"Where was that sound coming from?" I thought. It was so unlike anything I had ever heard before, and it seemed to be originating from the depths of the earth. The squeak of a bat in an adjacent room caught my attention and when I turned to walk towards it, I almost tripped and fell! I had stumbled upon a trap doorway with stairs leading down into a dark hallway. It appeared the sound was coming from deep within the crypt...
"No way! You are not wandering down a dark staircase into the unknown...you don't even have a flashlight!" thought my practical side. Well, you can't always be practical! I was already on my way down, entranced by the music and my own curiosity to see what was lurking below. As I entered the pitch blackness of the cool crypt, the sound increased tremendously and began echoing off the stone walls around me. I was afraid to step in any direction, for I had no idea at what was ahead of me.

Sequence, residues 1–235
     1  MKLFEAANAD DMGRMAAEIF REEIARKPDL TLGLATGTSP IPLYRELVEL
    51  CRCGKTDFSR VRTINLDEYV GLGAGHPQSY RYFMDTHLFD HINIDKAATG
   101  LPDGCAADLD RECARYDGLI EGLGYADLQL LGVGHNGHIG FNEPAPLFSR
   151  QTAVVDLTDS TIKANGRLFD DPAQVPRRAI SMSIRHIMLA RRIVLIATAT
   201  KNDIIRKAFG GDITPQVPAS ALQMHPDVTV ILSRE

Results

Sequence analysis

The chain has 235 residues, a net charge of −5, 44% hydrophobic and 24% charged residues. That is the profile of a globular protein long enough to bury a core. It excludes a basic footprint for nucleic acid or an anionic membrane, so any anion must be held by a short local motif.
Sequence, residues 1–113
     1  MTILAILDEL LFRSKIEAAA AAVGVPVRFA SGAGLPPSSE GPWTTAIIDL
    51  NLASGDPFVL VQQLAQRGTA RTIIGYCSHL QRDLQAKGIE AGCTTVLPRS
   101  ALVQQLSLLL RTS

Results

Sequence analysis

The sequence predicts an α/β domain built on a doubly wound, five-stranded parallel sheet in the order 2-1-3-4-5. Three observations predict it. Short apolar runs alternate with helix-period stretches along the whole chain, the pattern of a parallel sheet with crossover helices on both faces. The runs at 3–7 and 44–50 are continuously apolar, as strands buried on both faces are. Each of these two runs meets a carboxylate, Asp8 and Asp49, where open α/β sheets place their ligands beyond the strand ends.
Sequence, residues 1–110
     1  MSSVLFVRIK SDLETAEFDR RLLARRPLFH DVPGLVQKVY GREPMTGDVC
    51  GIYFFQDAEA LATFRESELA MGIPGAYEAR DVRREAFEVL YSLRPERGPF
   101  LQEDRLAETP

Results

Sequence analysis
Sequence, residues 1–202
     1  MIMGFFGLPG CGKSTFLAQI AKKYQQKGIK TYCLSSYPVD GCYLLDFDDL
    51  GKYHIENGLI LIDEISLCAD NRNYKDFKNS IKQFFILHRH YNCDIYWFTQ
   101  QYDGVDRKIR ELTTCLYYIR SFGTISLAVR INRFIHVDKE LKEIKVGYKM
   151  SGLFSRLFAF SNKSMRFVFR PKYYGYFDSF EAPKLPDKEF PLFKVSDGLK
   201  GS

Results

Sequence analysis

Then there was a flash of light and I could make out a hand holding a lighter at the other end of a long narrow hallway. In between the small flame and I was another figure crouched with his or her back towards me, blowing into a long tube. It wasn't a sinister spirit luring me to the underworld; but merely a guy playing a didgeridoo, an instrument of the indigenous peoples of Australia! All of a sudden, as if fueled by my realization of the source of the sound, a row of lights went on lighting up the hallway of the crypt. A temple guard came down the stairs, apparently he too was curious about the strange sound. He was very surprised that three tourists had entered the crypt without any lights on!